ESBG congratulates EPI and its shareholders for this announcement and for their persistence and is calling upon the European Institutions to continue their support to EPI.

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Your Contact:
Diederik Bruggink
Head of Department – Payments, Digital Finance and Innovation
Phone: +32 2 211 11 21

Meet the payments, digital finance & innovation team

ESBG welcomes the newly issued analysis of the EP Think Tank on a digital euro while preserving its reservations

BRUSSELS, 20 April 2023 – The European Savings and Retail Banking Group (ESBG) takes note of the in-depth analysis of the European Parliament Think Tank on a digital euro, published on 18 April 2023. The document, prepared by the Economic Governance and EMU scrutiny Unit at the request of the European Parliament Committee on Economic and Monetary Affairs, is broadly positive on the preparatory work for a digital euro, currently carried out by the European Central Bank, but “doubtful on the wisdom of eventually launching a digital euro”. In parallel, the European Commission is working on a legislative proposal that will facilitate the rollout of a possible digital euro.

The analysis thereby seems to confirm what has been addressed by the latest ESBG paper, ‘A Digital Euro: what does it mean for savings and retail banks?’, published on 29 March, that stressed the need of addressing many open questions before a successful implementation of a digital euro would be feasible.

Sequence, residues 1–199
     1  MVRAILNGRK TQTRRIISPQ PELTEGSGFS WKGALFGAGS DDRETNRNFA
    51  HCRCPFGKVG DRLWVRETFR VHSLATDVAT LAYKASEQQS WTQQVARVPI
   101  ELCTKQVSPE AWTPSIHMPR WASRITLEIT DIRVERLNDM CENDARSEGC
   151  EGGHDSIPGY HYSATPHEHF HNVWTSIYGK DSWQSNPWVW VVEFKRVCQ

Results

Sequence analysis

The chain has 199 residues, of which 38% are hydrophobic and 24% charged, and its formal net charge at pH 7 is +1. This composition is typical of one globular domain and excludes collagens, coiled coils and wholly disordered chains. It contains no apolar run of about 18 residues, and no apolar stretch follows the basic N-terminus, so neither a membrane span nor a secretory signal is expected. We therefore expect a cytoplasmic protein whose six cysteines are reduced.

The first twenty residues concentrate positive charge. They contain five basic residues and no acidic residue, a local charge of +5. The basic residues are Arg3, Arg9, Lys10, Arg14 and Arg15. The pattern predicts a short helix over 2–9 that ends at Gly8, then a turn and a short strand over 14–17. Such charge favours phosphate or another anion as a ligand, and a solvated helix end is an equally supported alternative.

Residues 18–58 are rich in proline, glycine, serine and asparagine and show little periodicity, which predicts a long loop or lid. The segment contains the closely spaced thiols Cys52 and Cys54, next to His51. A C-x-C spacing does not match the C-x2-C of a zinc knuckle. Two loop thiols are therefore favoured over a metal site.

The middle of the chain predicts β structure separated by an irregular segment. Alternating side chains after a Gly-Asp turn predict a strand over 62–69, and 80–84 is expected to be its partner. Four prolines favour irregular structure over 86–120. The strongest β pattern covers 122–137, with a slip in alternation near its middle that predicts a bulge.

Notably, ESBG agrees with the reports’ conclusions on the need for a well-designed compensation structure for the services provided by banks and the analysis of the impact a possible digital euro could have on the banking sector.

“We are supportive of investigating digital money issued by the central bank”, says Sofia Lindh Possne, Chairwoman of the ESBG Task Force on Central Bank Digital Currencies (CBDCs). “Yet, a digital euro must be designed without causing any new vulnerabilities in the financial system”, she says, pointing at potential deposit outflows that would reduce banks’ capabilities to finance the economy, and highlights the need of a sustainable compensation model.